By Nicholas Pavlov ‘16
“Champions are made in the offseason” is a phrase that has been drilled into the minds of Hornet wrestlers. Everyone on the mat is willing to make sacrifices to become the best wrestler he can be.
The Hornets follow a regimented schedule in the offseason, and they don’t end their day without breaking a sweat. Their offseason training is set up by the coaches and managers and follows a certain guideline.
Dr. George Hero, head coach of the wrestling team, has implemented a guideline that attempts to achieve the team’s offseason goals; these include battling muscle imbalances to decrease the possibility of injury, getting the body ready for intensive training, implementing a strength and conditioning program, and improving technique on the mat.
“The offseason is when athletes push themselves to their limits,” said Dr. Hero. “Practice and hard work makes perfect.”
Battling injuries and medical conditions are one of Hero’s main components in his guideline. Injuries plagued the team last season and caused many problems.
In December, the team was supposed to send nine wrestlers to the Mayor’s Cup, the biggest tournament of the season. However, due to injuries, the team only sent five wrestlers to compete. If every athlete had competed, the team would have had a better chance at winning the team award, which is given to the team with the best competition results. It also would have given the coaches a better idea of what to work on with the team.
In order to combat these injuries, the team has put emphasis on weight training. A great deal of the wrestlers lift weights with the football team five days a week and only practice twice a week. This allows the team to focus on increasing strength and mobility in muscles that don’t get used on the mat or during condition training.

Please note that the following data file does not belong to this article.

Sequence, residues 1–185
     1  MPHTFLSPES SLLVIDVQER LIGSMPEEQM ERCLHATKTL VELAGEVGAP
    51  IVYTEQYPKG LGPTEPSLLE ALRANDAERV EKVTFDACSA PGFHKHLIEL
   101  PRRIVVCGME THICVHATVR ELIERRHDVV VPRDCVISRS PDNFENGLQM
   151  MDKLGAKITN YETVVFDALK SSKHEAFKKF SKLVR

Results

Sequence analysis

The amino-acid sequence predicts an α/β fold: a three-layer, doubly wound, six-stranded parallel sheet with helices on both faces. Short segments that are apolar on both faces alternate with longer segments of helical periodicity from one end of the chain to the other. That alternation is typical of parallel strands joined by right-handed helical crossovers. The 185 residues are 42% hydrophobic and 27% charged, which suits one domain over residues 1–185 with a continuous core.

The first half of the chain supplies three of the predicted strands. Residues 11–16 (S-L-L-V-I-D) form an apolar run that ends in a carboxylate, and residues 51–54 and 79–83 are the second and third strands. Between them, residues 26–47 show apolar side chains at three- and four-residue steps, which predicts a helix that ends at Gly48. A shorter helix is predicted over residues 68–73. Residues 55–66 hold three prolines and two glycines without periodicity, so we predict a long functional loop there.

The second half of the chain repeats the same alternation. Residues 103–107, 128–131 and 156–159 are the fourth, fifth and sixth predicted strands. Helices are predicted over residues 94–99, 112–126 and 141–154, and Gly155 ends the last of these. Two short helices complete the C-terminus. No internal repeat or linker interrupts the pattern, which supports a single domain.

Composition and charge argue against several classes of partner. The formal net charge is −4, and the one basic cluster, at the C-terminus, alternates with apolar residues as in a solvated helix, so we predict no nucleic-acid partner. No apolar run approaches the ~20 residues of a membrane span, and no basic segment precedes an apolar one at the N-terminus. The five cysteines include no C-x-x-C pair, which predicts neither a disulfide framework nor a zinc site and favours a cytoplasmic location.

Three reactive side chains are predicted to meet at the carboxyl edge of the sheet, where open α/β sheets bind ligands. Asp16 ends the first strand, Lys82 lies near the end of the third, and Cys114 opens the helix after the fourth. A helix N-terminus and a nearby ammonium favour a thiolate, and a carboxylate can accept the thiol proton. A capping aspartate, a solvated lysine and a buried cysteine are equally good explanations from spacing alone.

“The team has been working hard in the gym,” said Amirbek Ahtamov ‘16. “We are getting stronger every single day and I hope it’s worth it.”
The wrestlers get to rest after their weight training programs when there is no practice. This is an important element in the guideline because it ultimately improves performance. According to the article “Health Benefits of Rest” on Floridahospital.com, rest reduces stress, helps people maintain a healthy weight, and improves heart health. These aspects can help athletic performance, which is the team’s main goal.
Likewise, focusing on conditioning and technique will help this team thrive next season. When the team practices, they push themselves to their limits. They jog until their shirts are soaked with sweat, work on a technique until it’s perfected, do push ups and sit ups until they cannot do anymore, and run the stairs until the feeling in their legs are gone.
Before getting on the mat, the Hornets do conditioning drills. The team focuses on improving endurance and stamina during these type of drills, and they emphasize it intensively. The team runs multiple laps in the annex bridge before practice and sometime run the stairs from the basement all the way up to the fourth floor.
“We see conditioning as a little warm-up,” said team Captain David Nemirovsky `15. “We do it because we do not want to lose stamina during a match in the regular season.”
Technique training consists of continuous drilling of moves and maneuvers. After every drill, the wrestlers wrestle with their partners for two minutes and try to complete the move that they were working on.
Once drilling has been completed, the captains create groups consisting of three or four wrestlers in the same weight class. Every wrestler in the group wrestles and alternates partners after every two minutes. This practice helps the wrestler improve endurance and master technique.
“I have never seen so much sweat in my life,” commented wrestler Jacob Kogan `18.
Kogan has never seen so much determination and commitment. He believes the team will do great things next season and he is happy to be a part everybody’s journey to success.
Despite individual goals, the team is one big family. The captains emphasize the aspect of unity and wholeness every single practice and they see it as a way to motivate the athletes.
“Unity will help this team succeed next season,” said team Captain Makar Tchekalenkov ’15. “We have a bright fu-ture.”